When it comes to stealing domain names, I suspect that there are two reasons why so many web bandits appear to be immune from ICANN (the Internet Corporation for Assigned Names and Numbers uses the acronym ICANN): the first reason I discussed in my last column on domain name theft (where I described a substantive void in domain name "regulation" as a primary factor for the increasing incidence of domain name theft), the second reason, which is the focus of this column, is the procedural anomaly that currently infuses ICANN's uniform dispute resolution process (UDRP) by providing no administrative forum for domain name registrants who become victims of domain name theft carried out by ICANN's registrars. more»

MIT 2010 Spam Conference Starts Tomorrow…

In January we presented the glorious history of the MIT spam conference, today we present the schedule for the first day. Opening session will be from this author, Garth Buren with a topic entitled The Internet Doomsday Book, with details be released the same day as the presentation. Followed by Dr. Robert Bruen with a review of activities since the last MIT spam conference... more»

Dr. Peering Commits Malpractice on Net Neutrality

At Tier1 Research, we hate to call out individuals for wrongdoing, but once in a while, it's absolutely necessary. At the moment, the Federal Communications Commission (FCC) is in the middle of the rulemaking process for network neutrality, a complex endeavor. While Tier1 is against interference from regulators as a concept, the proposed rulemaking document from the FCC, while vague, is not completely unreasonable... more»

Memo to John Markoff: There are No "Do Overs" in History

Think for a moment of the enduring legacy of African slavery in America. Think of the way it tainted this country's culture and politics; think of the bloody Civil War, the ghettos... What if we could roll back the clock and ensure that our society was "designed" so that slavery was never permitted and never happened? ... But what if I told you that my computer science lab was working on a "new Internet" that would solve all the terrible security and privacy problems of the existing one? Would you find this claim more credible than a proposed retroactive solution to the problem of slavery? more»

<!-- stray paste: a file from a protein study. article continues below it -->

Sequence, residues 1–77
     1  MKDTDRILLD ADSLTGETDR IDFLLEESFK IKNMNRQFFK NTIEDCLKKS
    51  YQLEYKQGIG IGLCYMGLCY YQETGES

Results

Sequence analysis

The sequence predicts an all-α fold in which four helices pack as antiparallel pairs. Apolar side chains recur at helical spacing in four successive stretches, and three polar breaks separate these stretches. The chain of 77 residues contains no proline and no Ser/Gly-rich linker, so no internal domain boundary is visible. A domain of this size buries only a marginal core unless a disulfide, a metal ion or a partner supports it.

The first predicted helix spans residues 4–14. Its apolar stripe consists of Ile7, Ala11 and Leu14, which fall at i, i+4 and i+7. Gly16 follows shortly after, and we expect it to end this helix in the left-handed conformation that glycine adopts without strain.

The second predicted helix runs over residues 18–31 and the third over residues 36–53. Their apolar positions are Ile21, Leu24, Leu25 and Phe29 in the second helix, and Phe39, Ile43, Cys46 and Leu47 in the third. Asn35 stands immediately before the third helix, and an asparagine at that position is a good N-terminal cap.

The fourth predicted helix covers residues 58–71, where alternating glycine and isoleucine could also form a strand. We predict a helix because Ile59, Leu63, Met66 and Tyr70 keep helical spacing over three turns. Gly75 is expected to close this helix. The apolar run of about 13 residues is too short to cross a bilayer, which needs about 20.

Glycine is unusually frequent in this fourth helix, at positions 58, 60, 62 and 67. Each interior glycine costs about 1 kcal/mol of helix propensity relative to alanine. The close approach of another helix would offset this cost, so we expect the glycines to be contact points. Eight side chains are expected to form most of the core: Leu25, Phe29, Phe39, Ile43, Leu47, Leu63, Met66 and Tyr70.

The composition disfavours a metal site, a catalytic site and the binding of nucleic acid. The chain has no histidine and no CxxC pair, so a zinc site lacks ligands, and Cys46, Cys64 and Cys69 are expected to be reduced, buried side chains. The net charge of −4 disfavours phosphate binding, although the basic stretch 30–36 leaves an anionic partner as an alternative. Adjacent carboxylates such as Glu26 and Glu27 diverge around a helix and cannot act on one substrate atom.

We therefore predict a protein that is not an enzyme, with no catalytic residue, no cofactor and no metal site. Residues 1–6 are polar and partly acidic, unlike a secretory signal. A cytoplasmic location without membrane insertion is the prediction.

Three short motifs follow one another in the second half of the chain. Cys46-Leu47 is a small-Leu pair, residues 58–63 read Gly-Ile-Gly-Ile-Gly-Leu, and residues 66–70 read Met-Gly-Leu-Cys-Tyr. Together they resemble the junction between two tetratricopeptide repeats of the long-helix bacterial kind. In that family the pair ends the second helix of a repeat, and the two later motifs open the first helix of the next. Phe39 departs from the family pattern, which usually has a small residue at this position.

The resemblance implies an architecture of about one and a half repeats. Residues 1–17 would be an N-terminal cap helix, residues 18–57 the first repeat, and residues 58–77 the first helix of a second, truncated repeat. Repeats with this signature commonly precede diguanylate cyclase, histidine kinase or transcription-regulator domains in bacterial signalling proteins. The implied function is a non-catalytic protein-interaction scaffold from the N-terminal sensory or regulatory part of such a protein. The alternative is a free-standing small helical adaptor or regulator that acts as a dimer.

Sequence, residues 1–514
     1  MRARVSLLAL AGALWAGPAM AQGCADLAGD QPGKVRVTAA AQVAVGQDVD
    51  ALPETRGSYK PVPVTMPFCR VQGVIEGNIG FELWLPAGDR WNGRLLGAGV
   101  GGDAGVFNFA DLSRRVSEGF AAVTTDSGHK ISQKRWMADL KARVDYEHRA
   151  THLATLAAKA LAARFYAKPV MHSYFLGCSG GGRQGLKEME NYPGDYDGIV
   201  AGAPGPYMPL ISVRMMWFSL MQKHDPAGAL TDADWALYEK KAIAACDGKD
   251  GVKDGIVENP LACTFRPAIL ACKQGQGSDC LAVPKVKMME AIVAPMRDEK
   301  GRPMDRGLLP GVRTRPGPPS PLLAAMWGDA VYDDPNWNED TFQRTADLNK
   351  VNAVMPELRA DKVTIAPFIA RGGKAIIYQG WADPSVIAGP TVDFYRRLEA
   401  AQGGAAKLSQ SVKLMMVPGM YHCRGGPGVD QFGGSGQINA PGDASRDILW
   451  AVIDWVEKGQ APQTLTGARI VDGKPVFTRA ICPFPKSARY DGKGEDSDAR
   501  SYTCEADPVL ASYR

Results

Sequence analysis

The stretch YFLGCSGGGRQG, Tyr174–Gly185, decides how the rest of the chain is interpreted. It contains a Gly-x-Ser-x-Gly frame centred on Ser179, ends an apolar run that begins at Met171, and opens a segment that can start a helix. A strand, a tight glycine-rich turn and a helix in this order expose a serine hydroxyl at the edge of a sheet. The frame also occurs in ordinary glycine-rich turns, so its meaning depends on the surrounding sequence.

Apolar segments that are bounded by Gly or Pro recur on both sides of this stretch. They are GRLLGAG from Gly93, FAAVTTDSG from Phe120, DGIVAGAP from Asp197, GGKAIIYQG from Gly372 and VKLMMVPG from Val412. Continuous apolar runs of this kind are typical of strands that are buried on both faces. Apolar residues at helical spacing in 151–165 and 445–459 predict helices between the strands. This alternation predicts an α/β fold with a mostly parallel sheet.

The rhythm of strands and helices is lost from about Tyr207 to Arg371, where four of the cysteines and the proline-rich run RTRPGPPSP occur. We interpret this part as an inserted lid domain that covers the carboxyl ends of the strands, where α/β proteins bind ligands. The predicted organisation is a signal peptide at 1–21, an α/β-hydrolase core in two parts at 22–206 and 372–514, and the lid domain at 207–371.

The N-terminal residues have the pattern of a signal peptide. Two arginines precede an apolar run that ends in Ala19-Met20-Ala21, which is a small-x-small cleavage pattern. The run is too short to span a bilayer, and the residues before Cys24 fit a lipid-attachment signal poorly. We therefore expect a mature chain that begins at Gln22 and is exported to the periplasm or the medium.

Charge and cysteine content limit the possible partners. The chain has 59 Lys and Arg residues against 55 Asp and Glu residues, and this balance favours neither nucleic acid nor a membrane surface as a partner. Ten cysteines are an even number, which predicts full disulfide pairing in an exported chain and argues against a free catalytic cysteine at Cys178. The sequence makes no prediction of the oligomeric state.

Who Pays for Email?

An acquaintance wondered why the people who run the systems that receive mail get to make all the rules about what gets delivered. After all, he noted: "The sender pays for bandwidth and agrees to abide by the bandwidth provider's rules." It is useful to think of the Internet as a collection of tubes, all leading from the periphery to the middle, where the middle is approximately "the peering point." The sender has paid for the tubes leading from himself to the middle... more»

Do the IM Protocol Wars Even Matter?

Do you care any more about zillion different IM services? Do you care about the IM protocol wars that have plagued the usage of IM for the last years? Odds are that if you are an IM user like me, you probably don't. Why not? Simple... we've unified the IM services on the client side and basically stopped caring about the various services and protocols. I was reminded of this fact this morning when I received a message saying that an update was available for Adium on my Mac that solved a really annoying disconnection problem with Yahoo!Messenger. more»